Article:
The other day, I said one little thing that changed my combative son who just woke up to an energetic boy who was ready to do what I said. And it’s something so simple I don’t know why I didn’t think of it before.
Normally I have a bit of a struggle motivating my youngest to get up during the week. He has a tendency to be combative, and waking up early doesn’t help.
So the other day I walked in his room to wake him. Although we have our struggles, I was excited to spend time with him. I was ready to find time to hang out with him.
At the same time I knew that if he was in a mood, his goal was to be combative no matter what. An early start might only feed that fire.
A Different Approach
So on this particular morning, I did something different. I changed my focus. Instead of saying “Evan, it’s time to get up,” a sentence I’m sure his mind was already prepped to hear and rally against, I waited.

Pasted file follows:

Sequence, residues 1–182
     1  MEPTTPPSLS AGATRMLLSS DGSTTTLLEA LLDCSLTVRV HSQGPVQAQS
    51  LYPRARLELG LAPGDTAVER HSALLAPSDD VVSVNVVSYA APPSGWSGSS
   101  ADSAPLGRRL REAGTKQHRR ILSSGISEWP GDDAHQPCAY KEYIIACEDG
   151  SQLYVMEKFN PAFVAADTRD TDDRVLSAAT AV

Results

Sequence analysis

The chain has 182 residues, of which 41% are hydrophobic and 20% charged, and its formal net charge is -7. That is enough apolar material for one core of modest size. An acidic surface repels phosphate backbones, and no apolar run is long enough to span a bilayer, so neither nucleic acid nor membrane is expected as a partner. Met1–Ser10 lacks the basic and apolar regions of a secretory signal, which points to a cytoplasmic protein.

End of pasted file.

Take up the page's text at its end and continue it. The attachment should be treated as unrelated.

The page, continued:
First, I sat on the side of his bed and rubbed his back. Then I thought about what fun thing we could do that morning. The next part was easy: I simply shared the fun with him.
“Evan, why not get up now and come watch some TV with me?” The fact is, this wasn’t really different from any other morning. Normally he gets up, makes his bed, gets dressed, and has breakfast with me while we watch a show.
The only difference is what I focused on. Instead of talking about the worst part of the experience – the getting up, I focused on the best part of the experience – the spending time together watching TV.
If you want to motivate people, show them what’s in it for them. Find the best possible outcome or focus for them, and lead them toward that point. It’s the best way to motivate people to do what they really should do.